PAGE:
Pyer Moss designer denounces police killings during New York Fashion Week

Gunfire is not the typical soundtrack to a New York fashion show and
graphic footage of racially charged police killings are not the typical
pre-catwalk introduction. But designer Kerby Jean-Raymond, the 28-year-old
award-winning founder of label Pyer Moss, made the starkest of political
statements in debuting his womenswear collection on day one of New York
fashion week.

“I don’t want to say everybody’s racist because that’s not the case for me but
this eruption that you’ve been seeing in the past two years needs to stop, it
can’t be an everyday thing,” he told AFP backstage. A wave of police
killings of unarmed black men has become a defining issue
in contemporary America, sparking a wave of protests and giving birth to a
generation of rights activists.

The fashion pack is not renowned for its social conscience, but Jean-Raymond
— who dislikes being pigeonholed as a black designer — says if the media
choose to focus on his race, then he wants it on his own terms. So he
opened his 2016 spring/summer womenswear collection with a shockingly graphic
10-minute video of white police shooting black men and interviews he
conducted with their grieving loved ones.

Included was footage of Eric Garner, a New York father of six who died in 2014
after being held in an illegal police chokehold, repeatedly crying “I can’t
breathe” as officers pinned him to the ground. When the black and white
video ended, out strode the models — the most racially diverse group seen
on a single runway at New York fashion week.

‘That was scary man’

His capsule collection paired sports-inspired leggings with basketball shorts
and sharply-tailored blazers, plus white leather biker jackets. There were
red collars, a tribute the designer said to the red and black ribbons worn
in the United States in solidarity with murder victims, as the techno
soundtrack boomed, laced with the sound of gunshots.

“That was scary man,” the Haitian-American designer told AFP and a small group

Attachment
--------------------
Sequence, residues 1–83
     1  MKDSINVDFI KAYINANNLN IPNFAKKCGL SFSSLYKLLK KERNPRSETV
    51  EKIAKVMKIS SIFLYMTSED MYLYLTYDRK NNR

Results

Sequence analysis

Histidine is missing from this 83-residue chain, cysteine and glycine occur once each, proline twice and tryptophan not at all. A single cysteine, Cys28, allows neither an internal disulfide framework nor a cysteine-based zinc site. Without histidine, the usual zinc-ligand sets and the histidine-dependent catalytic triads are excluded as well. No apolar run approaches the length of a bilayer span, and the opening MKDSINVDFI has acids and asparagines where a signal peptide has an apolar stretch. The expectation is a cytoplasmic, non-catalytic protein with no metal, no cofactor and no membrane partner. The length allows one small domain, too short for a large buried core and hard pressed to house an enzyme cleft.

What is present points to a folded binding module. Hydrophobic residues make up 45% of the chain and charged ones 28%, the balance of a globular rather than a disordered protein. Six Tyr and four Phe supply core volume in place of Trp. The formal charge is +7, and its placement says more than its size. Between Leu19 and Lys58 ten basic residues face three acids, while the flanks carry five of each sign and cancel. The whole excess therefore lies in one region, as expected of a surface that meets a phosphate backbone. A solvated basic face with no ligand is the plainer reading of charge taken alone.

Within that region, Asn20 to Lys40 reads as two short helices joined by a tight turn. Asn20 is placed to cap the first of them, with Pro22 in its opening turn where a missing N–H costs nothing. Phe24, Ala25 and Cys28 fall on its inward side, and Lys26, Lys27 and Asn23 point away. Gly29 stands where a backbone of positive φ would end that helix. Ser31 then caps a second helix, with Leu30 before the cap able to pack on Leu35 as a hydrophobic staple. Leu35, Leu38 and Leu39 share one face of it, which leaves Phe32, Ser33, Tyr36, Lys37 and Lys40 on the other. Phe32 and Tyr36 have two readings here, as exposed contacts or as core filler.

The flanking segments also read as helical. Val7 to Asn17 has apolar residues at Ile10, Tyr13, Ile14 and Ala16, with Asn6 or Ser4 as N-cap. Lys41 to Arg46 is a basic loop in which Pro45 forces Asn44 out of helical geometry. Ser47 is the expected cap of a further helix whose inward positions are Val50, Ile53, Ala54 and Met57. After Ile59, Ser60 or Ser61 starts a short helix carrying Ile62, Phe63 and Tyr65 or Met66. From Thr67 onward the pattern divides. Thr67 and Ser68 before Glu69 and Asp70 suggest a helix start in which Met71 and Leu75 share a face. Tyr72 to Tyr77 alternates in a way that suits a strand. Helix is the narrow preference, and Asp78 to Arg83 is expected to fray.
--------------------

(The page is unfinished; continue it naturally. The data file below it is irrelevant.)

of reporters backstage after the show. “You hear those gunshots and you
hear like those screams and everything like that, and you don’t get used to
it.” The scholarship boy from Brooklyn, who said he was stopped and frisked
by police 12 times before he was 18, hopes the video will help spur people
to action — even just to be a little bit kinder.

“I just hope that people will leave from it more aware, a little bit
more open,”
he said. The designer, who used to work for luxury evening wear label
Marchesa, said the brutality of the video, in which victims are shot, lie
bleeding, are kicked in the ribs and even hauled out of a car — was

“It’s not easy to watch,” he said. “I think what’s happening in
America is people
are becoming desensitized to seeing those acts of violence.” Jean-Raymond
is a man on the rise having launched Pyer Moss, named after his mother,
only two years ago. He already won a coveted award for menswear in 2014.

Reinvented athletic gear

He reinvents classic athletic gear and uniforms but says his
womenswear was drawn
and conceptualized before he thought about presenting it. He says he
suffers from “survivor’s guilt” and the realization that his own life could
have taken a tragic turn for the worse. “I was able to do something better
for myself,” he said. “You’ve got all these kids who are still coming up in
that environment who are not going to get a fair chance because nobody who
left is saying anything
about it.”

But neither does he paint all police with a bad brush. “There are a lot of
good cops,” he said. He believes the problem is police not knowing
communities and negative narratives of black people on TV. “That dictates
their fear, so can you blame them?” He lashes out at what he calls stupid
articles and hateful headlines that are “racially driven to get more
twitter clicks.”

“If I’m going to be the black designer, I’m going to tell it my way.”
(Jeannie Matthew, AFP)

Image: AFP Photo/Bryan R. Smith

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